IDEAS home Printed from
MyIDEAS: Login to save this paper or follow this series

An Empirical Evaluation of New Socialist Countryside Development in China

  • Guo, Xiang-Yu
  • Yu, Zhi-Gang
  • Schmit, Todd M.
  • Henehan, Brian M.
  • Li, Dan

China prioritized a New Socialist Countryside reform policy in 2005 to address the growing disparities in incomes and living standards between rural and urban populations. These policies are evaluated to provide a base line index of reform concerning farmer, agricultural, and rural economic development. Aggregate index scores are computed to rank provincial progress. Rankings indicate the progression of rural economic reform is moderate, at best, and mostly isolated to well-developed eastern provinces. Reform growth is also uneven across similarly, rural provinces indicating a need for continued attention in these poorer areas. More importantly, as reform efforts continue, the empirical framework established can be used to track relative performance over time.

If you experience problems downloading a file, check if you have the proper application to view it first. In case of further problems read the IDEAS help page. Note that these files are not on the IDEAS site. Please be patient as the files may be large.

File URL:
Download Restriction: no

Paper provided by Cornell University, Department of Applied Economics and Management in its series Working Papers with number 49002.

in new window

Date of creation: 15 Apr 2009
Date of revision:
Handle: RePEc:ags:cudawp:49002
Contact details of provider: Postal: Warren Hall, Ithaca NY 14853
Fax: 607-255-9984
Web page:

More information through EDIRC

No references listed on IDEAS
You can help add them by filling out this form.

This item is not listed on Wikipedia, on a reading list or among the top items on IDEAS.

When requesting a correction, please mention this item's handle: RePEc:ags:cudawp:49002. See general information about how to correct material in RePEc.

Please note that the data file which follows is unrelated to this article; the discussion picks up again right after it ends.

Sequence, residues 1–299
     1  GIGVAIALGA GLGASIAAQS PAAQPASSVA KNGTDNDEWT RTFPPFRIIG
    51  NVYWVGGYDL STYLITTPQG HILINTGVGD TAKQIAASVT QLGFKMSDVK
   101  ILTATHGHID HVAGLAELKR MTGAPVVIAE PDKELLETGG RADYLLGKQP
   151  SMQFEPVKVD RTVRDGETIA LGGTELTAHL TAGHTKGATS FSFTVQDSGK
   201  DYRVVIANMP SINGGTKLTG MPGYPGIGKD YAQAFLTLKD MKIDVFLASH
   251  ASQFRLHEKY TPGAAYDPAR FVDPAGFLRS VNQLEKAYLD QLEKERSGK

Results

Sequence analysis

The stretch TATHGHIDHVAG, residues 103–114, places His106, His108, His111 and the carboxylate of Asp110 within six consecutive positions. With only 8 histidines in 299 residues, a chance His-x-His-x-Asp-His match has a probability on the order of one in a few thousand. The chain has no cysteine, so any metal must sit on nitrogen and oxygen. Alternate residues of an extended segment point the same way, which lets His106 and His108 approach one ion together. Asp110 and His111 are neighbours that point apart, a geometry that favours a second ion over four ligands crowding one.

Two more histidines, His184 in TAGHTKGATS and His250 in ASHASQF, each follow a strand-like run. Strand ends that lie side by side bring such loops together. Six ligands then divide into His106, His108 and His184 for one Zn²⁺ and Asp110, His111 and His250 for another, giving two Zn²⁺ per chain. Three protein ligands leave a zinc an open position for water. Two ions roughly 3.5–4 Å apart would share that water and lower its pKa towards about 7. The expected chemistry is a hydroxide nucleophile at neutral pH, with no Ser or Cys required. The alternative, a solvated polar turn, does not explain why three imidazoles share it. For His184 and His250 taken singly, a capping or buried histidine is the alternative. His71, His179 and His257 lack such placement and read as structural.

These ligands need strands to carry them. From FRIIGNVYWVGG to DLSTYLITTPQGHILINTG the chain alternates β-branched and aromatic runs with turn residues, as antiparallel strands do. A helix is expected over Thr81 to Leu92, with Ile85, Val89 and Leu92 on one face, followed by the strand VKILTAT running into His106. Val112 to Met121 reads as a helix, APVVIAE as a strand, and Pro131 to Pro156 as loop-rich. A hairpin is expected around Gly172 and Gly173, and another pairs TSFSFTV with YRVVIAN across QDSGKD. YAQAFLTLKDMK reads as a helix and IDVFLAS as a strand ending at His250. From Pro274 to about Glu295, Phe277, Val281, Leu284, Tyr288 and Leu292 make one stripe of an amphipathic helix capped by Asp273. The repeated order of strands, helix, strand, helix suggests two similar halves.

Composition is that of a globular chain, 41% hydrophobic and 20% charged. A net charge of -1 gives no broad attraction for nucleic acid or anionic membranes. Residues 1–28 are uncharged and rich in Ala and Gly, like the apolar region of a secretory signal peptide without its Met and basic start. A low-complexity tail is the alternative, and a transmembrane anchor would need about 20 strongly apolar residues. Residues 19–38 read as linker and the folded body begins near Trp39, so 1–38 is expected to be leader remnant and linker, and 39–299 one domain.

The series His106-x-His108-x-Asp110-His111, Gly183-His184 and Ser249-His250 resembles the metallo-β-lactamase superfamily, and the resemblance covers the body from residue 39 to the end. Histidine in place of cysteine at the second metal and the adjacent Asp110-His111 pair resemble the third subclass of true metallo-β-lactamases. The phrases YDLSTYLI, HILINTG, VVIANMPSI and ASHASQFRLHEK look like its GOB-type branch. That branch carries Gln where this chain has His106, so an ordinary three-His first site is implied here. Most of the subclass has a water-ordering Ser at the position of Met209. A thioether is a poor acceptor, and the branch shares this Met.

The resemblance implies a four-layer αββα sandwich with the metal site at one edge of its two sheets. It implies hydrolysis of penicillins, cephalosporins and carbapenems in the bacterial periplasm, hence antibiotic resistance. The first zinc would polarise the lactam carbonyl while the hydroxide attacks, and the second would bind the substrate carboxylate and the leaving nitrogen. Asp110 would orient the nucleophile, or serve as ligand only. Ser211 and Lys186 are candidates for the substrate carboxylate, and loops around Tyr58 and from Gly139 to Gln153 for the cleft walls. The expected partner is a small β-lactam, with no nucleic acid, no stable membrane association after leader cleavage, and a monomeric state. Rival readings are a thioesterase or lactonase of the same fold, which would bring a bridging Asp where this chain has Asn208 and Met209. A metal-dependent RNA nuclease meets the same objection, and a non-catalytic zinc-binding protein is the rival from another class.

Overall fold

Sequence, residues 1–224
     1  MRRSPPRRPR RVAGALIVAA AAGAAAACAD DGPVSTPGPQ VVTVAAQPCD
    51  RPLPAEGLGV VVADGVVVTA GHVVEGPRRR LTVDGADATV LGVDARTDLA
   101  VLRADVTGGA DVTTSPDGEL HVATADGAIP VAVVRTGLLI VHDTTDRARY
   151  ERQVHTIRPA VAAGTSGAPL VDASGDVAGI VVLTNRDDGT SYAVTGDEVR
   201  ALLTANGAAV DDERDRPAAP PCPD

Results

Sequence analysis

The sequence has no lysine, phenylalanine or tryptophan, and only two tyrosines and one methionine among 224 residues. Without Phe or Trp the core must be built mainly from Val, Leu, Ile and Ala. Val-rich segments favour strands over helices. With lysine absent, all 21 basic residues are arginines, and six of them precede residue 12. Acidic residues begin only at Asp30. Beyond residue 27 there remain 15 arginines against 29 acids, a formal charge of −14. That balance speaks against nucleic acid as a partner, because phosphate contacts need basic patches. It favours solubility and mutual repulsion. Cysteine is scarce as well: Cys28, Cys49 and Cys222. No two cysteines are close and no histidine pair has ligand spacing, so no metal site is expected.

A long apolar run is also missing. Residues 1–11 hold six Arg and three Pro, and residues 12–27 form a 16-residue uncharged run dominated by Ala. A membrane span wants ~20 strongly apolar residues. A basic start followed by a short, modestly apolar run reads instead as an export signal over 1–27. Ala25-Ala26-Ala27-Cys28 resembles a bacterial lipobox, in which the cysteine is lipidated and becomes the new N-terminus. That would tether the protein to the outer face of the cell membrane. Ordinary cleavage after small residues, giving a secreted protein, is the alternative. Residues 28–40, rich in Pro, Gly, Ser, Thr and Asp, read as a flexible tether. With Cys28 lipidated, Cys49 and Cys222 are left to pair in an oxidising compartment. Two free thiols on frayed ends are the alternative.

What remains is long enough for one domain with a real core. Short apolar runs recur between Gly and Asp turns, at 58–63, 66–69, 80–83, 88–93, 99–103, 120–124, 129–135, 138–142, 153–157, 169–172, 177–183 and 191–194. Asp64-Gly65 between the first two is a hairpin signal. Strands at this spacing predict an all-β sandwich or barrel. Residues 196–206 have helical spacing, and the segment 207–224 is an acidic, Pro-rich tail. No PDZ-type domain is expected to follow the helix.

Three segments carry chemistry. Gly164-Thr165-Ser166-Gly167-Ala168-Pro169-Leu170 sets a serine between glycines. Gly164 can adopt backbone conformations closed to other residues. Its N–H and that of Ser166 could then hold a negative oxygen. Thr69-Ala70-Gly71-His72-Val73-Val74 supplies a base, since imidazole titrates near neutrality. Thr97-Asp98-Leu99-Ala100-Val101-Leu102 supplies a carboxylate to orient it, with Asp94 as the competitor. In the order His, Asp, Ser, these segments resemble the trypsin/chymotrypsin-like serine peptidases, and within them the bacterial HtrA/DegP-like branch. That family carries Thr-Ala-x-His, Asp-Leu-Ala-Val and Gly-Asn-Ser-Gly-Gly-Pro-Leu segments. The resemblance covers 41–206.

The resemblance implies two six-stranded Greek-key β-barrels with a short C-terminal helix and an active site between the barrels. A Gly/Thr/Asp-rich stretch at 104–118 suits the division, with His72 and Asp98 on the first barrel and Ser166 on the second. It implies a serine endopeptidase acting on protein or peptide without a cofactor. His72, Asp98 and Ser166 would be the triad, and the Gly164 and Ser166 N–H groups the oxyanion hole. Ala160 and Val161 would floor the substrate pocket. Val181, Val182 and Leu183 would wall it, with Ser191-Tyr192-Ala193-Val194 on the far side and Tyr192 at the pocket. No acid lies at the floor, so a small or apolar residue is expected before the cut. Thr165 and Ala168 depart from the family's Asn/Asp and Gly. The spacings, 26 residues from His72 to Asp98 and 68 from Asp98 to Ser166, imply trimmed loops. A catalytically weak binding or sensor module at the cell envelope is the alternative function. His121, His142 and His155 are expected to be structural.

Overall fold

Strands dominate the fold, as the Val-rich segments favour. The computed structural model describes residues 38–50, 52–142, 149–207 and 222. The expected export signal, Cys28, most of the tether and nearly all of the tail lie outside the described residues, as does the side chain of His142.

For technical questions regarding this item, or to correct its authors, title, abstract, bibliographic or download information, contact: (AgEcon Search)

If you have authored this item and are not yet registered with RePEc, we encourage you to do it here. This allows to link your profile to this item. It also allows you to accept potential citations to this item that we are uncertain about.

If references are entirely missing, you can add them using this form.

If the full references list an item that is present in RePEc, but the system did not link to it, you can help with this form.

If you know of missing items citing this one, you can help us creating those links by adding the relevant references in the same way as above, for each refering item. If you are a registered author of this item, you may also want to check the "citations" tab in your profile, as there may be some citations waiting for confirmation.

Please note that corrections may take a couple of weeks to filter through the various RePEc services.

This information is provided to you by IDEAS at the Research Division of the Federal Reserve Bank of St. Louis using RePEc data.